Left in the aftermath of a storm that was widely underestimated, the Coral Gables campus remained closed through Monday after sustaining significant damage from Hurricane Katrina’s 86 mph winds and 18 inches of rain. The storm, which forecasters had expected would hit further north early Friday morning, picked up speed and reached Miami Thursday evening, shortly after school had closed at 6 p.m.
“The storm came up quick,” Dr. Pat Whitely, vice president for student affairs, said. “It was unexpected and our emergency operation hopefully got information out to students in time.”
By the time the storm passed, many students and facilities were left without power, buildings had experienced flooding and a significant amount of landscape damage blocked roads where trees had been knocked down or pulled from their roots. One tree, a banyan outside the bookstore, had been a trademark at the Rock for years.
“That tree didn’t have any damage during [Hurricane] Andrew but unfortunately it was a very old tree and I guess its time was up,” Dr. Whitely said. “It’s very sad because it was a significant tree and of sentimental value for many students.”
Clean-up crews, some brought in from Tampa, were on campus all weekend cleaning up the debris and clearing out roads. The work was expected to be done by the end of this week; in the meantime, University officials urged that students park their cars in garages as much as possible to ease the cleaning efforts.
Students living on campus experienced Katrina’s wind and rain-indoors.
“Everyone had flood damage of some kind whether from air conditioners leaking or windows leaking,” Cara Facer, junior, said. “It was scarier living in the apartment area during a hurricane than in any other residential college because of the large windows. During the storm, you could literally feel the wind blowing in.”
“We had recaulked all the windows [in the dorms] in the last three years,” Dr. Whitely said. “We had such intense rain in such a short period of time that we just had to do everything that could be done. We’ll have to investigate that.”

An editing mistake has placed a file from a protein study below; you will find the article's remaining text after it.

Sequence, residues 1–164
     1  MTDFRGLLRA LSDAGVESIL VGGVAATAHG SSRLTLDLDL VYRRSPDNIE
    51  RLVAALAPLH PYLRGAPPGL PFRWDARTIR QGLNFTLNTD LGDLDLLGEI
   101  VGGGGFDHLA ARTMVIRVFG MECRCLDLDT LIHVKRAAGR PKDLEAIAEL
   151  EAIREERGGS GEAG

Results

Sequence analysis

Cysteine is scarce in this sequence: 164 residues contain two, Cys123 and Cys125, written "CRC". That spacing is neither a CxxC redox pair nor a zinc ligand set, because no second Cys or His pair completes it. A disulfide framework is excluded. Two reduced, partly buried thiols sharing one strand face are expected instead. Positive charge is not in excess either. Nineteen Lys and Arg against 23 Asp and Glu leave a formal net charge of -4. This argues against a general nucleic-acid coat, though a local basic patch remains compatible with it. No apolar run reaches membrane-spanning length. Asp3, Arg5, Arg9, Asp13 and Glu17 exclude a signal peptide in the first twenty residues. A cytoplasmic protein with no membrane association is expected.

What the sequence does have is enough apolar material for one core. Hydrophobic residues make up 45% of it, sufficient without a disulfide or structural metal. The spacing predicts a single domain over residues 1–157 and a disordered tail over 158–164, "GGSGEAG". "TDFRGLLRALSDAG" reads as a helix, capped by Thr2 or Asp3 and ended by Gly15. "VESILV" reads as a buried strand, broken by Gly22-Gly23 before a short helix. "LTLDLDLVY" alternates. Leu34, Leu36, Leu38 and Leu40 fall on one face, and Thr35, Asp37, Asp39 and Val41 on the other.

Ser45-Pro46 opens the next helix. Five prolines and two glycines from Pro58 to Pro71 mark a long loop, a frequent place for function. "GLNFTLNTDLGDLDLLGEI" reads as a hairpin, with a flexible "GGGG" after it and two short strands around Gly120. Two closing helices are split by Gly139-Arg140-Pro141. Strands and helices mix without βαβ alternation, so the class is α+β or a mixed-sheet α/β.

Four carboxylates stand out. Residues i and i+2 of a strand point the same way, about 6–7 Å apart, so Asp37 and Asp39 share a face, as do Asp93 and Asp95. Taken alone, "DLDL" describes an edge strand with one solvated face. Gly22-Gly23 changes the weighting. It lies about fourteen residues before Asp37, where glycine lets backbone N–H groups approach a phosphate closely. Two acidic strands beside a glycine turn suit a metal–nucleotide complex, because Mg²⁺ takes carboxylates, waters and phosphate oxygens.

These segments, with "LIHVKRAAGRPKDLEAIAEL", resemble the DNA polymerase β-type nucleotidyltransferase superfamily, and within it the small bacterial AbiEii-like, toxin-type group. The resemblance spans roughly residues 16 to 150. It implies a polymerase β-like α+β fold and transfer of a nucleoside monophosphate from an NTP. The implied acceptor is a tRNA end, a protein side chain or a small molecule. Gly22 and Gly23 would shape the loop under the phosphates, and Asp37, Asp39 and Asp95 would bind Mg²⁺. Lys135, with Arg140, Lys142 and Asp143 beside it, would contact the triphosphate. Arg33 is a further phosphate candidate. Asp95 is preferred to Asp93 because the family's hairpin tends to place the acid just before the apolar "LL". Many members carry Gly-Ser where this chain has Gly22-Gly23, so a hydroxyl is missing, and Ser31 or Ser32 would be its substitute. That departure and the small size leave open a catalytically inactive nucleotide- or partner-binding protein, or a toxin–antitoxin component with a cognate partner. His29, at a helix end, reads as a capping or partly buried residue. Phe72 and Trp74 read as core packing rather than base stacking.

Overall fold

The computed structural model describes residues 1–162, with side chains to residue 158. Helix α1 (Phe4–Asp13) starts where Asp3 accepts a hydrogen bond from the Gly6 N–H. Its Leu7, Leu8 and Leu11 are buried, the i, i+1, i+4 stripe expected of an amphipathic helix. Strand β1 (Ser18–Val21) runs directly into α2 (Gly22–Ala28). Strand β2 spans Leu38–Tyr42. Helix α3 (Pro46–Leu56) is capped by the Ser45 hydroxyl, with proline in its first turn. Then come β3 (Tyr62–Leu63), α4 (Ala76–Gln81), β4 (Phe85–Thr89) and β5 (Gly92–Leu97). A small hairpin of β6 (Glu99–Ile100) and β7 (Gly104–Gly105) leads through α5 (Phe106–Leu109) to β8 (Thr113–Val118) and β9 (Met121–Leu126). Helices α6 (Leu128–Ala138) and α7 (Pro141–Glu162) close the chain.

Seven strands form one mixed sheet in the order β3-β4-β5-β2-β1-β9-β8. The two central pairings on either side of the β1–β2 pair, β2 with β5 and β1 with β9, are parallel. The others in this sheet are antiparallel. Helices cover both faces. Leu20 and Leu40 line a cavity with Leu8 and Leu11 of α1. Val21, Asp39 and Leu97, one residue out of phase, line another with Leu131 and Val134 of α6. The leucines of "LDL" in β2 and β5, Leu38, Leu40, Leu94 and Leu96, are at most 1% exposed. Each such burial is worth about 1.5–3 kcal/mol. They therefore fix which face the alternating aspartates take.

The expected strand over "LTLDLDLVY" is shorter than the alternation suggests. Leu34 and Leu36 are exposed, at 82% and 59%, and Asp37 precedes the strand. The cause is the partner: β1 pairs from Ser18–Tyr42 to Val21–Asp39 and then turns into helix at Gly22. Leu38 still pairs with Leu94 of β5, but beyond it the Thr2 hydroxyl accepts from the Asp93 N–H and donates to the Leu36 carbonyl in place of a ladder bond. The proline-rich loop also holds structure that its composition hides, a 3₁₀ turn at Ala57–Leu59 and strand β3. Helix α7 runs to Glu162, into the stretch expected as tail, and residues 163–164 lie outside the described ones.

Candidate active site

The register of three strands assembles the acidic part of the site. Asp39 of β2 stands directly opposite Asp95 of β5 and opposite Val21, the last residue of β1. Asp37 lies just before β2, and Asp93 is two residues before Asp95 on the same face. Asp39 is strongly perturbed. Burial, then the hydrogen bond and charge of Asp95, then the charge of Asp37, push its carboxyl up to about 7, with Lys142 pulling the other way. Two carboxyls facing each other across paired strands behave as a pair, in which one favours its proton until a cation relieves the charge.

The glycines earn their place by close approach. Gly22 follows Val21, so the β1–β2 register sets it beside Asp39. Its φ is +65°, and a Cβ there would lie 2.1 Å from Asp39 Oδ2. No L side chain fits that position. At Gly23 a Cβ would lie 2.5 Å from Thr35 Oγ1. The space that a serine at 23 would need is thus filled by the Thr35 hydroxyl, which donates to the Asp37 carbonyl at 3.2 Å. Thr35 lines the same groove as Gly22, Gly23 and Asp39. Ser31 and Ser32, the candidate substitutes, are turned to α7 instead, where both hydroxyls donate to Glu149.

Residents living in the Holiday Inn and the apartment area lost power, which was not restored until Sunday.
Students in Mahoney-Pearson Residential colleges had water coming into their rooms, and the UC carpet in the first floor, which may have to be replaced, still carried a damp scent from flooding on Sunday.
Despite damages, the University tried to accommodate students as much as possible. Facilities such as the C-Store, Richter Library, the Wellness Center and food vendors remained open on Sunday and Monday with adjusted hours. HurryCanes shuttles also operated on adjusted hours, and a special service ran between Eaton and Mahoney. And in case students got bored with classes being cancelled, shuttle services were added for transportation to Sunset Place.
“People could go to an afternoon movie if they wanted to do that,” Dr. Whitely said.
Classes and all on-campus activities were cancelled Monday, mainly to keep students from coming to campus while clean-up efforts were still in mid-stride.
“We should be on our feet by Tuesday,” Dr. Whitely said. “The good news is that there were no significant injuries or loss of life. Aside from water and landscape damage we fared as well as expected given the severity of the storm and the fact that no one expected it to be this bad.”
For more updates on University advisories, go to www.miami.edu/prepare.
Natalia Maldonado can be contacted at email@example.com.